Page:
dispersed, and private By buying and selling on the basis of their information, market participants affect prices, and as a result, market prices reflect and aggregate the information of potentially millions of individuals In this way, markets “discover” prices—more accurately, they facilitate the discovery and dissemination of dispersed information Prices as a “sufficient statistic”—only need to know the price, not all the quanta of information

Resource Allocation
By discovering prices, markets facilitate the efficient

allocation of resources That is, markets facilitate the flow of a good to those who value it most highly Centralized markets can reduce transactions costs, thereby reducing the “frictions” that impede this flow

Risk Transfer
The prices of commodities (and financial

instruments) fluctuate randomly, thereby imposing price risks on market participants Those who handle a commodity most efficiently (e.g., producers and consumers) are not necessarily the most efficient bearers of this price risk Futures and other derivatives markets permit the unbundling of price risks—those who bear price risks most efficiently can bear them, and those who handle the commodity most efficiently can perform that function

Contract Performance
Any forward/futures trade poses risks of non-

performance As prices change, either the buyer or the seller loses money—and hence has an incentive to avoid performance Even if one party wants to perform, s/he may be financially unable to do so Therefore, EVERY trading mechanism must have some means of enforcing contract performance

Contract Enforcement
There are many means of imposing costs on non-

performers, thereby giving them an incentive to perform Reputational costs Exclusion from trading mechanism Performance bonds Legal penalties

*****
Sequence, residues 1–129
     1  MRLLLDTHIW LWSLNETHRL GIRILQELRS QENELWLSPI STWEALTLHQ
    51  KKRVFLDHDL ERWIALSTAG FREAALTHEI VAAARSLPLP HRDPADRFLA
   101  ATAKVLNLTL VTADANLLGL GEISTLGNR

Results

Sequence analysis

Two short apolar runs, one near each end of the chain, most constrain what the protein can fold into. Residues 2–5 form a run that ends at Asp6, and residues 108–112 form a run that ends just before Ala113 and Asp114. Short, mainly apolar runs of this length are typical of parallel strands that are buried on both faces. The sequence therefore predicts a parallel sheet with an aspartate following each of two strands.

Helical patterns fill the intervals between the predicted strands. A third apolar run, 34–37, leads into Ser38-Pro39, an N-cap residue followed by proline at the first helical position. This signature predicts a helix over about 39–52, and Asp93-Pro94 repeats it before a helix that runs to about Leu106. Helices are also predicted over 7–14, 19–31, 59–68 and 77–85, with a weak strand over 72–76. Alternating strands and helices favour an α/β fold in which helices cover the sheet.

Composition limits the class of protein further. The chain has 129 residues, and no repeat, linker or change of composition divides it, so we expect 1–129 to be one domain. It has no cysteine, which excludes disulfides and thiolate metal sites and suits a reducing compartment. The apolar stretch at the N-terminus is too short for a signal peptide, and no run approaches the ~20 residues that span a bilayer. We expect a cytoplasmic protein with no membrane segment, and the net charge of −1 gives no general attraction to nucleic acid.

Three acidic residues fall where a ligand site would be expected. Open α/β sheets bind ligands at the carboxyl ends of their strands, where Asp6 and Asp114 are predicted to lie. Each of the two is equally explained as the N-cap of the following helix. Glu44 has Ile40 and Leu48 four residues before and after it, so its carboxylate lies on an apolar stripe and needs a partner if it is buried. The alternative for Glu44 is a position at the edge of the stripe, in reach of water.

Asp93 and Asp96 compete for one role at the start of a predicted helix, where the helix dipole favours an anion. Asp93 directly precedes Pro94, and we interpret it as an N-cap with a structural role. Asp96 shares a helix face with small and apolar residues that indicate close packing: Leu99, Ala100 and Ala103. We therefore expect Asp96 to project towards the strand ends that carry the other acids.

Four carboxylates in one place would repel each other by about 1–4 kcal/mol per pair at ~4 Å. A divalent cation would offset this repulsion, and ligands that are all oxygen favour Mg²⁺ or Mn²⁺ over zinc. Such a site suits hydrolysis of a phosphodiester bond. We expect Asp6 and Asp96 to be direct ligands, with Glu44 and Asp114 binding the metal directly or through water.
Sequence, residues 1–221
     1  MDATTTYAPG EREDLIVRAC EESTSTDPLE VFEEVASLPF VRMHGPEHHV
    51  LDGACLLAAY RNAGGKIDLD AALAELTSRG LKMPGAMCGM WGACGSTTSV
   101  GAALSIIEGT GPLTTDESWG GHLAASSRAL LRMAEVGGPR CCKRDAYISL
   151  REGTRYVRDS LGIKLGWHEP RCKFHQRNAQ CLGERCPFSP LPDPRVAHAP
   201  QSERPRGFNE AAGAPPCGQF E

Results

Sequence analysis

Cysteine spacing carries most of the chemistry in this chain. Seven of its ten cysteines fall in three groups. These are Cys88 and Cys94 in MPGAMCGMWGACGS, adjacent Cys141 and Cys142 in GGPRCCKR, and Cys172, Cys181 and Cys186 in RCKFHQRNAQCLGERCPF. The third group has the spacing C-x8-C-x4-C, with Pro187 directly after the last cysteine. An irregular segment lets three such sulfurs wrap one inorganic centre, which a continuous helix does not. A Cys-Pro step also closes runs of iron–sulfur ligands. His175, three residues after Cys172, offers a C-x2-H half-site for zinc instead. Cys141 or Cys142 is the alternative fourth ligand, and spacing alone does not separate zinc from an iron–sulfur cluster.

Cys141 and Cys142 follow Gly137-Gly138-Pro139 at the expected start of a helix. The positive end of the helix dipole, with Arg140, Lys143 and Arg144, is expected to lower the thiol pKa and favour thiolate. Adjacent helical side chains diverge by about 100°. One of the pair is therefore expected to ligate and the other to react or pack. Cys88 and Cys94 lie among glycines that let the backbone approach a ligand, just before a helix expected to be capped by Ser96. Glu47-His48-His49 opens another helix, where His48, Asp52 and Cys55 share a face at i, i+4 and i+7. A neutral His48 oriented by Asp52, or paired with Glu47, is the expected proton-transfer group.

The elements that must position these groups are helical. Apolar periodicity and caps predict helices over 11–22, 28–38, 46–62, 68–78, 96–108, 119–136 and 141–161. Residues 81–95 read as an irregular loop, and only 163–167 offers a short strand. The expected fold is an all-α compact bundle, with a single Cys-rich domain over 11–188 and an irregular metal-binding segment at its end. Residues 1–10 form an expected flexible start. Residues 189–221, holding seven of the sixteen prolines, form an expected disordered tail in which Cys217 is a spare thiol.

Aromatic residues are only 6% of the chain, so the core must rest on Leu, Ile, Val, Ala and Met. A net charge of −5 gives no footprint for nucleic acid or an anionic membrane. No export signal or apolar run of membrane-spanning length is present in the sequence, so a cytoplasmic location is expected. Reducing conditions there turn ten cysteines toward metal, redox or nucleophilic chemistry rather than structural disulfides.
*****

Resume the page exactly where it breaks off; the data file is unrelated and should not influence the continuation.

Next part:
Contract Enforcement in OTC Markets
OTC markets typically rely on bilateral and

reputational mechanisms OTC market participants evaluate the creditworthiness of their counterparties, and limit their dealings based on these evaluations Performance bonds (“margins”) are also widely employed In the event of a default on a contract, some OTC counterparties have (effectively) priority claims on (some of) the defaulter’s assets in bankruptcy (netting, ability to seize collateral)

Contract Enforcement in Futures Markets
Modern futures markets typically rely on a

centralized contract enforcement mechanism—the clearinghouse The CH is a “central counterparty” (“CCP”) who becomes the buyer to every seller and the seller to every buyer CH collects margins Members of the CH (usually large financial firms) share default costs, with the intent of keeping “customers” whole

Legal Risks in Trading Markets
“Losers” have an incentive to find, exploit, and

perhaps create legal loopholes to escape their contractual commitments Virtually every new commodity market has had to overcome such legal risks “Contracting dialectic”—market forms, begins to grow, somebody exploits a legal loophole to escape obligations, contracts and market mechanisms revised to close this loophole

Examples of the Dialectic in Action
Use of non-enforceability of wagers to escape

obligations under futures contracts Claim that losing party did not have the legal authority to enter into the agreement (e.g., interest rate swaps & UK local councils—Hammersmith & Fulham) Disputes over whether contingency specified in contract occurred (credit derivatives—Russian default?)